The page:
Left to sizzle in a pan filled with heated oil, a Mughlai Paratha gains its characteristic golden texture during the festival of Durgostava.

Bengali street food: The Mughlai Paratha.

Hugely popular in Bengal, the golden textured, crisp and flaky Mughlai Paratha is a robust and delectable member of the Indian Paratha Family – a flatbread recipe linked to India’s Vedic age and at times eaten with fillings of vegetables and meat over the course of its existence. Lack of specific historical mention and absence of a befitting description has led a few experts to view the dish less of an authentic Mughlai delicacy and more of Bengali street food originating in the city of Calcutta.

The origin.

Some have even suggested the name to be a promotional gimmick started by enterprising eateries to popularize the heavy filler and later introduced in different parts of the country by migrating Bengali settlers.

Its not that the Mughals did not eat Parathas. The delicacy featured explicitly in their diet. The recipe and cooking procedure just might not have been as exotic as the presently served flaky and golden textured stuffed Paratha with its egg and spiced minced meat fill, that has even got non Bengali eateries, heating up the pan.

What experts say.

Conventional menus list the delicacy under Mughlai food with both eateries and restaurants advertising the dish by the same name – which in modern times has come to encompass many non-Mughlai items as well. Some experts, however, look at it, as Bengali Street Food.

What is it defined as.

The Mughlai Paratha is a type of Indian Paratha, eaten both as a snack and a meal. During major celebrations like the Durgotsava, the Mughlai Paratha is a very frequent pick of the menu.

What goes into it.

Flour. Water. Salt. Milk. Eggs. Minced meat. Spices. Green/Red Chili Pepper. Onions. Clarified Butter/cooking oil.

Mughlai Parathas can be both vegetarian and non vegetarian. While beef and mutton are the two commonly used meat types, eateries in India, widely prefer and use mutton.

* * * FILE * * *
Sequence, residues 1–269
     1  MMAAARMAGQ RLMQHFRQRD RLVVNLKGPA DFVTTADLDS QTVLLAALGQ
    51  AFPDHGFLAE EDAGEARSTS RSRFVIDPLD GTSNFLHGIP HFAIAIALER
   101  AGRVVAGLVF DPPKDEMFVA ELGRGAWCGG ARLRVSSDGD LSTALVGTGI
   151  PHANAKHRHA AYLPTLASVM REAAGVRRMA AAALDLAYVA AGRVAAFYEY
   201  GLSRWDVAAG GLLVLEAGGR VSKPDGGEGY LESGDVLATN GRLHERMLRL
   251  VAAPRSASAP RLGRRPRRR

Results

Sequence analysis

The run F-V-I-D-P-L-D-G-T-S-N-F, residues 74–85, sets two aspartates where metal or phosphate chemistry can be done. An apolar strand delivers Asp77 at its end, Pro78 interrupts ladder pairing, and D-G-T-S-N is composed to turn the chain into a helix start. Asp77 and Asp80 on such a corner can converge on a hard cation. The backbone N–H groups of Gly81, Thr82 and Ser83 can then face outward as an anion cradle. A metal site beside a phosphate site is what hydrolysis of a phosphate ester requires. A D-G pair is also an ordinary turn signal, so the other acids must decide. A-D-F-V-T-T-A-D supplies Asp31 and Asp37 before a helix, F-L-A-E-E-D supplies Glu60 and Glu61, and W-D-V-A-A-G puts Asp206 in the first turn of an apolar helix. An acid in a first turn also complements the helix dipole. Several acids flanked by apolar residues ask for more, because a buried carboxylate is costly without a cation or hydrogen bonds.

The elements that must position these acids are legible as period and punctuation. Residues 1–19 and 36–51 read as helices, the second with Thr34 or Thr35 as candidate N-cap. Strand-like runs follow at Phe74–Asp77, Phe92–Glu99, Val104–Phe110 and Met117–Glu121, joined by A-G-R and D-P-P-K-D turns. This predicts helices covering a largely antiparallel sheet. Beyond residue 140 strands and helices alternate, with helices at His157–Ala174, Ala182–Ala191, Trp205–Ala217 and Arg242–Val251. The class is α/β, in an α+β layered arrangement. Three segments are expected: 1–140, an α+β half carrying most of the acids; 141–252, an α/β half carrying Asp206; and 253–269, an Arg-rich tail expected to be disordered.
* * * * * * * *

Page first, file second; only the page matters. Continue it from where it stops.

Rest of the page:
Vegetarian versions come with a variety of vegetable fillings – ranging from red beans, carrots to a creative selection to simple onions. The mutton based non vegetarian version is more favoured by eateries owing to their greater demand.

But many on request will omit the meat out of the mixture preparing the dish with only egg or just the complimentary chopped vegetables.

How is it prepared.

Preparing the Mughali Paratha varies like its ingredients. In most cases, the flour is kneaded with salt, water, milk (optional),clarified butter/oil and left to soften.

Once the dough is ready, it is flattened into a thin disc shape and spread over a heated frying pan. A mixture of whipped eggs, minced meat,spices and vegetables prepared separately is placed in the centre of the rolled out dough in measured proportions.

The sides are then folded one by one from four corners until the entire mixture is covered and the dish has acquired a rectangular shape. Finally, both sides are fried in turn with a gentle coating of oil or clarified butter to thoroughly cook the mixture inside and lend the Mughlai Paratha its flaky golden texture.

Local eateries immerse the dough sandwich in heated oil for frying. Or alternatively first dry heat the Paratha on a pan then deep fry in oil.

Where can you find it.

The dish is widely available with Bengali eateries serving Mughlai and a Bengali household recipe.

Dining Tip: The Mughali Paratha can be a heavy weight with its meat and egg fillings and at times excessive oil. The best time of the day to try out the delicacy is during late mornings or afternoons.


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